• Patient education: 
    • Avoid fatigue, stress, infection, overheating, chilling.
    • Balance moderate exercise with rest.
    • Maintain regular bowel and bladder elimination.
    • Eat a balanced diet and increase fluid intake.
    • Adopt safety measures to reduce injury related to motor/sensory loss.
    • Notify provider of any exacerbation or worsening of condition.

How can nurses support MS patients in managing their symptoms and maintaining quality of life?

  • Ensure patient education on disease and management (advice on medications, provide resources for lifestyle modifications)
  • Facilitate coordination with rehabilitation therapists and mental health professionals 
  • Assist in managing symptoms 

Multiple sclerosis nursing diagnoses

Potential nursing diagnoses of MS: 

  • Impaired physical mobility: encourage physical activity, refer to physiotherapy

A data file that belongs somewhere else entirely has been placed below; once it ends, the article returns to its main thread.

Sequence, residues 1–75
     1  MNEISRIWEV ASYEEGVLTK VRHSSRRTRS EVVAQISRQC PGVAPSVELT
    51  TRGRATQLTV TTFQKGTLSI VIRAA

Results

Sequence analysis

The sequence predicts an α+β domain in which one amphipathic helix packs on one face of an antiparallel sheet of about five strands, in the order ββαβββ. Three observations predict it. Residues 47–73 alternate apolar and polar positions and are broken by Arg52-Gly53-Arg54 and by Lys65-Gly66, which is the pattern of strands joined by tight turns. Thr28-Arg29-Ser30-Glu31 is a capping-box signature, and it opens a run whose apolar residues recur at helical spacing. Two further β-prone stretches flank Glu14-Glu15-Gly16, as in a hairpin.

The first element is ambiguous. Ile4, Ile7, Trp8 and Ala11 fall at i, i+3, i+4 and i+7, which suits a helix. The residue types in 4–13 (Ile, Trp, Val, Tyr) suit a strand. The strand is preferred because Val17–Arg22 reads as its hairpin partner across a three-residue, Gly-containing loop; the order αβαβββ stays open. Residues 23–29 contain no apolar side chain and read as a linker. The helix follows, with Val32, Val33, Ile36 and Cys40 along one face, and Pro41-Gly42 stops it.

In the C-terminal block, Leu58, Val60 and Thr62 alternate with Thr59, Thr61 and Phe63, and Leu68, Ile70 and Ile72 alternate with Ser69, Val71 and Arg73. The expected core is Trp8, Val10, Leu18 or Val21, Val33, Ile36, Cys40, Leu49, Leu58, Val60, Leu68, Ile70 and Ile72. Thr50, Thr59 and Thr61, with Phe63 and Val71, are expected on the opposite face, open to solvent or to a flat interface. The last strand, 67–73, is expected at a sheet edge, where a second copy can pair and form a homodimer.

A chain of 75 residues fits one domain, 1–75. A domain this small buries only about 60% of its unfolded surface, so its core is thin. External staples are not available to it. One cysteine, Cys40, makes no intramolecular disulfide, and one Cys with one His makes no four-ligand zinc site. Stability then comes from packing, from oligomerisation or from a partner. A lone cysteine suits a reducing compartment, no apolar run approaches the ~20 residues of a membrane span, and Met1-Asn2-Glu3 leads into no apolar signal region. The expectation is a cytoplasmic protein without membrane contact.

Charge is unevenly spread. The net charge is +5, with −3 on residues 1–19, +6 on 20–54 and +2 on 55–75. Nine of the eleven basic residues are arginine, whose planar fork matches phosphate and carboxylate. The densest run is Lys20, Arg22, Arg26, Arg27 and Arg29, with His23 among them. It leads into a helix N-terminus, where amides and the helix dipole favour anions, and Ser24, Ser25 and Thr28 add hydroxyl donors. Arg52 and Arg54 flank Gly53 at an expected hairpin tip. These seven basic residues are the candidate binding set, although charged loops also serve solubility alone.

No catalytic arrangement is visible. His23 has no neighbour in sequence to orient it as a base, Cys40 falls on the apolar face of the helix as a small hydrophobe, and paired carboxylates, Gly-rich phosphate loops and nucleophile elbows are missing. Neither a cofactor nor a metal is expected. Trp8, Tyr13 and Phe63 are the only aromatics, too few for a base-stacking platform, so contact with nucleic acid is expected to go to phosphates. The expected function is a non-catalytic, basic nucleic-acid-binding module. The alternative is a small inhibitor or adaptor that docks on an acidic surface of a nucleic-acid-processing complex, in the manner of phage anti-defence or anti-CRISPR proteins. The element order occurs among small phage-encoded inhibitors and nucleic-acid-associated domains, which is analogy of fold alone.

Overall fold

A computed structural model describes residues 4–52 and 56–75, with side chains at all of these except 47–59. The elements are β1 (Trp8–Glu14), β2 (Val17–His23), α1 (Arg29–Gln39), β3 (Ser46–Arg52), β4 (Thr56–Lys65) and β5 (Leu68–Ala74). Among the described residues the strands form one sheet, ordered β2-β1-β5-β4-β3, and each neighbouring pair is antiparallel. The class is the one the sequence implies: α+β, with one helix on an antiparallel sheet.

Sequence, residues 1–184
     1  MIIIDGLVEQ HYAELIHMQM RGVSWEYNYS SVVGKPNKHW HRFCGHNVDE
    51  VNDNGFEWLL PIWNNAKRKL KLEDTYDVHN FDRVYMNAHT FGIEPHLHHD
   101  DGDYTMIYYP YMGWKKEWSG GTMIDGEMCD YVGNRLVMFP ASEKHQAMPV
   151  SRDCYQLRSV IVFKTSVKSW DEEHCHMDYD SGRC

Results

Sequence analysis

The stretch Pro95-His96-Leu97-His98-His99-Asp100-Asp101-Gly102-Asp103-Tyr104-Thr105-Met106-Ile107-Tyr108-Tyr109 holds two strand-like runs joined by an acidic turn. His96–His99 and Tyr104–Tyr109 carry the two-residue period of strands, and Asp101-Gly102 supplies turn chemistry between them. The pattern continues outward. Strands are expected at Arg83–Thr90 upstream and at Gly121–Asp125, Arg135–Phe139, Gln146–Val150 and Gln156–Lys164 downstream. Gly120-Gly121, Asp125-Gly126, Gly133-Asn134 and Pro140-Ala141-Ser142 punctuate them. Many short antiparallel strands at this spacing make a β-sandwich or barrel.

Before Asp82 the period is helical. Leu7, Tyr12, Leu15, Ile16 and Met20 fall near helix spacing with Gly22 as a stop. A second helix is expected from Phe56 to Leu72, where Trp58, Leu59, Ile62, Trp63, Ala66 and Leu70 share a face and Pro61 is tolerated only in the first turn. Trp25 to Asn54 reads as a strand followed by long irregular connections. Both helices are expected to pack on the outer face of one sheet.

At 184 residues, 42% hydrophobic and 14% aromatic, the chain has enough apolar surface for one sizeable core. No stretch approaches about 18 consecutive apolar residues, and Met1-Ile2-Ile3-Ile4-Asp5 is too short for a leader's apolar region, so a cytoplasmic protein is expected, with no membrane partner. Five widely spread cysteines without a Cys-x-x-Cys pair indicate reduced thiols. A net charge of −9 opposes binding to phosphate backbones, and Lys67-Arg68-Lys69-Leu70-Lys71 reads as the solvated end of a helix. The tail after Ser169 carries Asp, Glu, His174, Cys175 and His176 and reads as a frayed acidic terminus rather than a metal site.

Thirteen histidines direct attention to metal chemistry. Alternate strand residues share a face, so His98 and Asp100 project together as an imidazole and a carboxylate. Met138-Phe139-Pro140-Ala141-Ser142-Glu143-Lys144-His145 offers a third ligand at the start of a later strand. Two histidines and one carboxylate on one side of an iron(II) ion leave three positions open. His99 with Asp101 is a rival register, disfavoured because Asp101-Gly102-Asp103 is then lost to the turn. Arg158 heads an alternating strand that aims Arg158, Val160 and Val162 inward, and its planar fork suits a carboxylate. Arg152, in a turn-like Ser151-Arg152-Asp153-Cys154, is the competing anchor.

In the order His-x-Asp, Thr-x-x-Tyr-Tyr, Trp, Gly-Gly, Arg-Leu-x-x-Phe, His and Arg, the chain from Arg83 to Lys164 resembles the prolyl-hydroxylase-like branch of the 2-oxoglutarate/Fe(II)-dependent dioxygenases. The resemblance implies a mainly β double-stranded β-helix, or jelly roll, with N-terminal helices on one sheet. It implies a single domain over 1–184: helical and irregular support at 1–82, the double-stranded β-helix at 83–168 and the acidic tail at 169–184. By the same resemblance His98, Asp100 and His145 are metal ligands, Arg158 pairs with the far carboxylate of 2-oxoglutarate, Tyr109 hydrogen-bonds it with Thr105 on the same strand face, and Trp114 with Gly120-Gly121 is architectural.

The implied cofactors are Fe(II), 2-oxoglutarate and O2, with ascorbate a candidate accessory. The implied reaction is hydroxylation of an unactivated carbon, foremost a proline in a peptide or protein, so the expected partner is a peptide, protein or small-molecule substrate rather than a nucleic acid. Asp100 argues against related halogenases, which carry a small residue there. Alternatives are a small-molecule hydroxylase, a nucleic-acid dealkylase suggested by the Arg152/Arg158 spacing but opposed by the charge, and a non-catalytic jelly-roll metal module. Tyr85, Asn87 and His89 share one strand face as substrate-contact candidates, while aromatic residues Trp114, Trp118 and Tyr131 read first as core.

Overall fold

• Fatigue: educate client about energy conservation techniques and balanced diet
  • Disturbed sensory perception: educate on assistive devices, teach family to monitor changes, ensure safe environment
  • Bowel/urinary incontinence: encourage adequate hydration, advise on fiber-rich diet, bladder training
  • Ineffective coping/deficient knowledge: educate client on MS, refer to counseling or support groups, provide emotional support 

How does MS typically present in pediatric clients compared to adults?

While MS is typically diagnosed in adults, it can also occur in children and adolescents. Pediatric MS might present similarly to adult MS with symptoms such as numbness, tingling, weakness, imbalance, vision problems, and fatigue. However, children may have additional challenges, including seizures and prominent cognitive issues, which can affect school performance and social development. They might also have a higher relapse rate than adults with MS, but they tend to recover better from each relapse. Pediatric MS requires a specialized approach to care, addressing not only the physical symptoms but also the developmental, educational, and psychosocial aspects.


Multiple Sclerosis: Nursing Diagnosis